Aconcagua Expedition: How to Successfully Survive an Expedition to Aconcagua

We spent two days of rest in Camp 2 of the Cerro Aconcagua, hoping for a better climate. Yet by the end of the first day, I was acclimating, and I felt better. Not perfect (the trip to the bathroom was still a mission), but better. The guides then told us that the winds were forecast to drop slightly and that we might have a chance to reach the top. We would move to Camp 3 and get to the summit the next day if the weather allowed.

The weather was good. We woke up from an initially windy night at Camp 3 to a quieter morning. We ate and dressed laboriously, donning all of our warm layers: various merino base layers, fleece, bean bag, . I put on my boots, then my helmet and goggles, before putting on my outer boots and finally leaving the store. One last babble with leggings and crampons, and he was done. It was 7:30 am, a relatively late start, but a wise call from Ilan, who saw the possibility of getting too cold in the morning. We went out into the sunlight and were graced with the warmth of it for most of the day. I wanted to climb Aconcagua cheap but couldn’t save on equipment.

Climb Aconcagua was a challenging hike. It hurt from the start; the body demanded more oxygen than it could inhale, and the lungs struggled to deliver. I leaned heavily on my posts and settled in my usual spot towards the back of the group. Slow but safe. Even more uneventful and more stable today. The group split. Several times at the beginning of the summit day, I didn’t know if I could do it, if I were going to go too slow or if the weather would change, or if I would change. But the guide reminded us to smile and enjoy the view (as best we could under the circumstances), and I kept going.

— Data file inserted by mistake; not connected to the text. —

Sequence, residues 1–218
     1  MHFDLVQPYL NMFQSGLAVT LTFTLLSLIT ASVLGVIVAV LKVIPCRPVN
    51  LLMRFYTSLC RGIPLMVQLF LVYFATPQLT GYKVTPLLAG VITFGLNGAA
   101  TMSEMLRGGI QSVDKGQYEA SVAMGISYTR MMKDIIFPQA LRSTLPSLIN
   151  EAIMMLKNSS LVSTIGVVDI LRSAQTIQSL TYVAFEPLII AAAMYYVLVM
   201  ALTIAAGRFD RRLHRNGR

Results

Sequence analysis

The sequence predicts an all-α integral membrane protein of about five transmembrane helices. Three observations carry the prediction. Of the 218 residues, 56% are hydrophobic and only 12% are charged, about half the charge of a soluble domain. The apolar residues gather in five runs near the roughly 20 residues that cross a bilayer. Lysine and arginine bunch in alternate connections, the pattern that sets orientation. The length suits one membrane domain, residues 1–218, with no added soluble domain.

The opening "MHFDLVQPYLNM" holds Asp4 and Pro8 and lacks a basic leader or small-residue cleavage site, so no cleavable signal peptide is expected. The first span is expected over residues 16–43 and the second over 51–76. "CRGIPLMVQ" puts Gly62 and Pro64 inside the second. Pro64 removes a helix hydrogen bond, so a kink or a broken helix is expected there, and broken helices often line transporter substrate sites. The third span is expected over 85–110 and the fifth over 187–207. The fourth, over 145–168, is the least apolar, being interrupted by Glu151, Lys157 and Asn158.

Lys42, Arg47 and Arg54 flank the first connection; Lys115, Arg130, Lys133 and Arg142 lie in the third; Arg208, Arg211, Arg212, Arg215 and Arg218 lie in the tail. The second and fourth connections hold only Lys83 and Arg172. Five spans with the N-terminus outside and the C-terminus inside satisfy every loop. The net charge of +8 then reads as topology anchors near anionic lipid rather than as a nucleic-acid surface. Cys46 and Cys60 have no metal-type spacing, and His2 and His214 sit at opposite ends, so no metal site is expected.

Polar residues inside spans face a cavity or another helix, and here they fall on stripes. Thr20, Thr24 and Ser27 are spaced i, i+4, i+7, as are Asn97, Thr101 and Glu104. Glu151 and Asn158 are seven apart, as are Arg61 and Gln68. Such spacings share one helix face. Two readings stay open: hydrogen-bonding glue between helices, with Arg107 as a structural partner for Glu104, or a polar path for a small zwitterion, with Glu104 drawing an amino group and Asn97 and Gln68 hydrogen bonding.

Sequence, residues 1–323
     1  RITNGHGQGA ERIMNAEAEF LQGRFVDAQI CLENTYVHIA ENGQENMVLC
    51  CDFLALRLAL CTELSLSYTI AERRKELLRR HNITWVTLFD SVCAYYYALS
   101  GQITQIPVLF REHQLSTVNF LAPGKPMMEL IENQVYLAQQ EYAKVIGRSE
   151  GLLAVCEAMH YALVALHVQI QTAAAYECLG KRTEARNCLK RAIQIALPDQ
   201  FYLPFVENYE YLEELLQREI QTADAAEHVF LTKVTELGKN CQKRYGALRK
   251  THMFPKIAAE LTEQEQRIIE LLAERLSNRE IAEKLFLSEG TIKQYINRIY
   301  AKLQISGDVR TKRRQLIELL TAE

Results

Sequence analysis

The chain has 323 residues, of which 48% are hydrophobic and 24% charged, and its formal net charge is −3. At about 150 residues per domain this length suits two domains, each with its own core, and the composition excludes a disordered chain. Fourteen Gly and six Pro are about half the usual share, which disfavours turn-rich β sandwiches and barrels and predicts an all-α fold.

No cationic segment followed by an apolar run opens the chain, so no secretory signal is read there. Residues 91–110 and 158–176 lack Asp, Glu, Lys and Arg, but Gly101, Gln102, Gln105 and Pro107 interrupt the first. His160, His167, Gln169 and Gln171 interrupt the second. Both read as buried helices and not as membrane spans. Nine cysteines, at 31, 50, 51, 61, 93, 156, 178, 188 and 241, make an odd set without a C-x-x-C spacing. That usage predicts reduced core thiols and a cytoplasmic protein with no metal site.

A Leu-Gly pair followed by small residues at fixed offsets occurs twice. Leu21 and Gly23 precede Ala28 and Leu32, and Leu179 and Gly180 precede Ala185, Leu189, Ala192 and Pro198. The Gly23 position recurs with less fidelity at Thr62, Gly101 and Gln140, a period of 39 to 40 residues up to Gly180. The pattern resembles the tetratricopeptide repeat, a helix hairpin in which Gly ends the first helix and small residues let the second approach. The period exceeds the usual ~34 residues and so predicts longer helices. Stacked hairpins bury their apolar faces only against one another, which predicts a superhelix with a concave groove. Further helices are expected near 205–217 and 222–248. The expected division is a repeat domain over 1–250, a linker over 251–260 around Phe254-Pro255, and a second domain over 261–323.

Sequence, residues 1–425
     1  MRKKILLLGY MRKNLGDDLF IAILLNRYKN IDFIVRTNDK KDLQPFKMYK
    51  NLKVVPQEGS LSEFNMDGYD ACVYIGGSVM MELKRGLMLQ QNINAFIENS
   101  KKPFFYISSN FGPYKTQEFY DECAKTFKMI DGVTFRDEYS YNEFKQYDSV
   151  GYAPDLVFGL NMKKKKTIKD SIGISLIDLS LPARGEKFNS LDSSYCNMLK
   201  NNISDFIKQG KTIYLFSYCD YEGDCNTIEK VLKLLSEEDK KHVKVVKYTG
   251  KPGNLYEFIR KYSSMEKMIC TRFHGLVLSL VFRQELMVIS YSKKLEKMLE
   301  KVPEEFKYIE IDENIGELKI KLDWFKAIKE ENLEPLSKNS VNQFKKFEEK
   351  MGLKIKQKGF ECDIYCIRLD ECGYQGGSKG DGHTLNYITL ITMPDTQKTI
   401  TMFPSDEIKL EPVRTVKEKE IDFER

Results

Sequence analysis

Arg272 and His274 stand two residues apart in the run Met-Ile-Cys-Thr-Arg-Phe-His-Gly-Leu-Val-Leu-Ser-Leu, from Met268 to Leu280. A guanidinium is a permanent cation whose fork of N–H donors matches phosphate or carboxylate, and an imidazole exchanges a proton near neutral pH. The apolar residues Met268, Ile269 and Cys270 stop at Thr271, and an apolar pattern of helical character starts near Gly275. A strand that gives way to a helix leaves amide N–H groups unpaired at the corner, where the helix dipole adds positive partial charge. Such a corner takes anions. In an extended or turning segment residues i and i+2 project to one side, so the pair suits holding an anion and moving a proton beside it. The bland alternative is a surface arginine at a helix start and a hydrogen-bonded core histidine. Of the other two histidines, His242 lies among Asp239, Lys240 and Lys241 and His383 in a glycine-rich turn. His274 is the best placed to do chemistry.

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We were advancing. And I felt strong, not my lungs, of course, which were still frantically sucking the air, but nutritionally and mentally, I could feel that I was solid. It was as if it were divided into two parts, one weak and one robust. It hurt, but it was bearable. All he had to do was move on.

I reached the top of Mount Aconcagua after 8 hours of climbing; an hour after, two faster teammates, Andy and Oli, reached the top with Ilan. They waited for us at the summit, and it was beautiful to be there to receive congratulatory hugs and celebrations from the team. There were smiles of happiness and relief. We went down to a windswept night at Camp 3, a decent crisp, steep incline to Base Camp, then a fantastic dusty hike before finally heading back to Mendoza two long days later. As usual in the mountains, I had a great time.

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